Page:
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Artists Who Love Wolves: An Interview with Victoria Fernández

In this series, we ask the artists behind the Join the Pack wolf art campaign what motivates them as artists and why they’re passionate about wolves.

A self portrait of the artist, Victoria Fernandez.
A self portrait of the artist Victoria Fernandez. (Courtesy of Victoria Fernandez)

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Last summer, Earthjustice partnered with the Creative Action Network (CAN) to launch “Join the Pack,” an art campaign that combats age-old stereotypes about the gray wolf and celebrates the species as an icon of the wild. Artists heeded the call to create a body of work that brings attention to the plight of the gray wolf. In this blog series, we interview the artists behind the beautiful art submissions to learn what inspired them to imagine a kinder, gentler Big Bad Wolf.

The following is an interview with artist Victoria Fernández. The interview is available in English and Spanish.

Rebekah Olstad: How did you get your start as an artist?

Victoria Fernández: Almost 10 years ago I started my career in TV, first as scriptwriter, but then almost instantly I switched to the art department, designing and animating branding spots. Somehow this led to illustration, and five years ago I decided to pursue a career as an independent illustrator and animator.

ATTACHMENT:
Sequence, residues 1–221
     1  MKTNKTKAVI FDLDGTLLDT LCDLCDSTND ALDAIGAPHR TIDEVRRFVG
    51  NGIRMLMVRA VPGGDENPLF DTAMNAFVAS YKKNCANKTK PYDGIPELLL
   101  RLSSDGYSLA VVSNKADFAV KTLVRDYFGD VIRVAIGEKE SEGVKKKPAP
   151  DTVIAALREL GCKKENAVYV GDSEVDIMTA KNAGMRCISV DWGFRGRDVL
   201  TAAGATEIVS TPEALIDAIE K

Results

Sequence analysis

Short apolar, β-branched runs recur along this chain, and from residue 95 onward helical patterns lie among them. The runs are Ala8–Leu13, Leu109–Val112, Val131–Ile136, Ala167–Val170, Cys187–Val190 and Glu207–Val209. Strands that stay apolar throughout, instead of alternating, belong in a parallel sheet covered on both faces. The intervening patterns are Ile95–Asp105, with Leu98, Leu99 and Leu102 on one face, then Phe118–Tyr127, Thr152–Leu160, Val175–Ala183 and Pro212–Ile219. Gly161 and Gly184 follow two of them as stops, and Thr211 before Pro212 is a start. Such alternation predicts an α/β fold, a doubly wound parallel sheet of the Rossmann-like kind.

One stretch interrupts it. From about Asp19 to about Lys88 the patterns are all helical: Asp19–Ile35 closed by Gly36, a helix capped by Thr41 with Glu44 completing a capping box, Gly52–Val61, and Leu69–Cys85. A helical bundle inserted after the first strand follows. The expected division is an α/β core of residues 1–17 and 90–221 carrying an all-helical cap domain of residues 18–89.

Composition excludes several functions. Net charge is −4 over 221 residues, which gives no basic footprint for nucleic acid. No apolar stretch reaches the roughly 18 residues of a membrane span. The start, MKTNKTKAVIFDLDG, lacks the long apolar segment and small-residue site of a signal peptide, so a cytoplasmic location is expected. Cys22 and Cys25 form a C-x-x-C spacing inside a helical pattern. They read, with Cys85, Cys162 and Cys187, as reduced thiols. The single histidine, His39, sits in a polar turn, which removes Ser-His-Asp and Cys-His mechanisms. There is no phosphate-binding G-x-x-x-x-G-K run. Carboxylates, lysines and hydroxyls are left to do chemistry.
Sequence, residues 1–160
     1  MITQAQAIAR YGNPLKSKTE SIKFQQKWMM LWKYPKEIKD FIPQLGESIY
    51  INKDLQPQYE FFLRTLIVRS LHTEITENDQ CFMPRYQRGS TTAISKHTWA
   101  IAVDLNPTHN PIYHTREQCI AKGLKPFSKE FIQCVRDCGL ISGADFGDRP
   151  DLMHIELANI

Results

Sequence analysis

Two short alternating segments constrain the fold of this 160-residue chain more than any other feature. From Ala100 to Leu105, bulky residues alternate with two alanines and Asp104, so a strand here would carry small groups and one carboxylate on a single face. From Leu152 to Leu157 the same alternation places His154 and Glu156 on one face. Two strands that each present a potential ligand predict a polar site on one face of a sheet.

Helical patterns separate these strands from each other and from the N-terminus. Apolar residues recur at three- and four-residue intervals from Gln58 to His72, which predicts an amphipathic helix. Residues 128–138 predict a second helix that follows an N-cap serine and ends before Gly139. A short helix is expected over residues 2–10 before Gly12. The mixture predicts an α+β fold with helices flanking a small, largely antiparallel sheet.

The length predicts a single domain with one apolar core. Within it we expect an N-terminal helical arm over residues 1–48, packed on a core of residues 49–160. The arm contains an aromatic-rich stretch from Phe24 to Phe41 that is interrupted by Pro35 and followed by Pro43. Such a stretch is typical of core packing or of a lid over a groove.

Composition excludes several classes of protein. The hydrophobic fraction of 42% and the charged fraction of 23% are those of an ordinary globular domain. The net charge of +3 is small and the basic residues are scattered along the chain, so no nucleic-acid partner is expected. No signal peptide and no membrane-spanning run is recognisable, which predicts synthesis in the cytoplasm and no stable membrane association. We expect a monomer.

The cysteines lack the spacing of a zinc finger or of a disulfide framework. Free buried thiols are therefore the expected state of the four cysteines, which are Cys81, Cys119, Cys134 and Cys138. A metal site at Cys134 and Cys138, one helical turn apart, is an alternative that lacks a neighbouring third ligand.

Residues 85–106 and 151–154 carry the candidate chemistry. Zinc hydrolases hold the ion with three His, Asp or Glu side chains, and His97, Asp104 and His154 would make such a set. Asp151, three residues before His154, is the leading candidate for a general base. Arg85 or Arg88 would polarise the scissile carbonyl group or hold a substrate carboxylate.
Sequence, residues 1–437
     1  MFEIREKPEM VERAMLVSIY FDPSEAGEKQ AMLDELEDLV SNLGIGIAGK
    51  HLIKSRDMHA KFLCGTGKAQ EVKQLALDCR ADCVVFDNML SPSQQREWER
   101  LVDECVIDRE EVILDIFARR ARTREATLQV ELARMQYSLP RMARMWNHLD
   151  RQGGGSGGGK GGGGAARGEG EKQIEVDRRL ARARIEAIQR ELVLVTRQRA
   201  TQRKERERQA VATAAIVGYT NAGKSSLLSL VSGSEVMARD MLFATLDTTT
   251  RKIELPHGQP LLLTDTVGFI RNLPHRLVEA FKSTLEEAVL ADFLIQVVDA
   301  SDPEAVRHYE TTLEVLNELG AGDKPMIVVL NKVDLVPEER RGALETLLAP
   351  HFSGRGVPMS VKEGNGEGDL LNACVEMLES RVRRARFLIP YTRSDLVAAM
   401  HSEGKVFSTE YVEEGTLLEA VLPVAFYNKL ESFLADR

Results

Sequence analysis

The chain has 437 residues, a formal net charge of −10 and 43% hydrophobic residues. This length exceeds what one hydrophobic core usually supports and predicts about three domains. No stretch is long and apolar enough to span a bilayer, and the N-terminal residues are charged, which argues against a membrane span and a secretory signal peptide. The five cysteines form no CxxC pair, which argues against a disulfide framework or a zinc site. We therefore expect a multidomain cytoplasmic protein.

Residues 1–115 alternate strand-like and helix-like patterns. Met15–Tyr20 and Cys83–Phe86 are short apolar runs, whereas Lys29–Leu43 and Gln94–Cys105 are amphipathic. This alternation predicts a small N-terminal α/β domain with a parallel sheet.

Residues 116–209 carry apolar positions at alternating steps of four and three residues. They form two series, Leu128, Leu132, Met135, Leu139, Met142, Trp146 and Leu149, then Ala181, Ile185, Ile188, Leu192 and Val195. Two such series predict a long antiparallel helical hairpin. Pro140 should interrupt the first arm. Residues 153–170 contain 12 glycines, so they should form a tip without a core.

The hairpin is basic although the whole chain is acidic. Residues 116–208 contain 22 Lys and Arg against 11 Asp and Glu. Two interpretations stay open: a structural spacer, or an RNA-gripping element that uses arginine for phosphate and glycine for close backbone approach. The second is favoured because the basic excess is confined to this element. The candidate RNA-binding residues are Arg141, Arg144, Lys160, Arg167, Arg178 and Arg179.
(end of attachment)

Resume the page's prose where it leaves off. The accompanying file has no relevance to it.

RO: What inspires you about wolves?

VF: There’s something about wild things that really attracts me—they have amazing instincts. Wolves are wild creatures with a heightened sense of society and team work. They care about their pack like big families and that’s really impressive. 

RO: How did you come up with the idea for your design?

VF: Wolves are very frequently portrayed as bad guys in children’s storybooks and that leads to prejudice with no real basis. My intention with this piece is to change that vision and make the wolf part of the classic happy ending because it’s a great, beautiful beast with a big heart.

RO: Wolves are in the crosshairs now. What do you think needs to be done to protect them?

VF: Learning more about them would help. The more you know them the more you love them, and therefore you’ll care.

RO: Do you think art can change the public’s perception of wolves?

VF: I think we live in a visual culture, so images have power and they can help reinforce a concept. But we’re also inundated with images online, so messages can fade if they are not consistent. Nowadays art can be used as a way of nonviolent revolution.

RO: Anything else you want to share with our readers?

VF: Join the cause: Save the wolf!

Rebekah Olstad worked in the Communications Department at Earthjustice.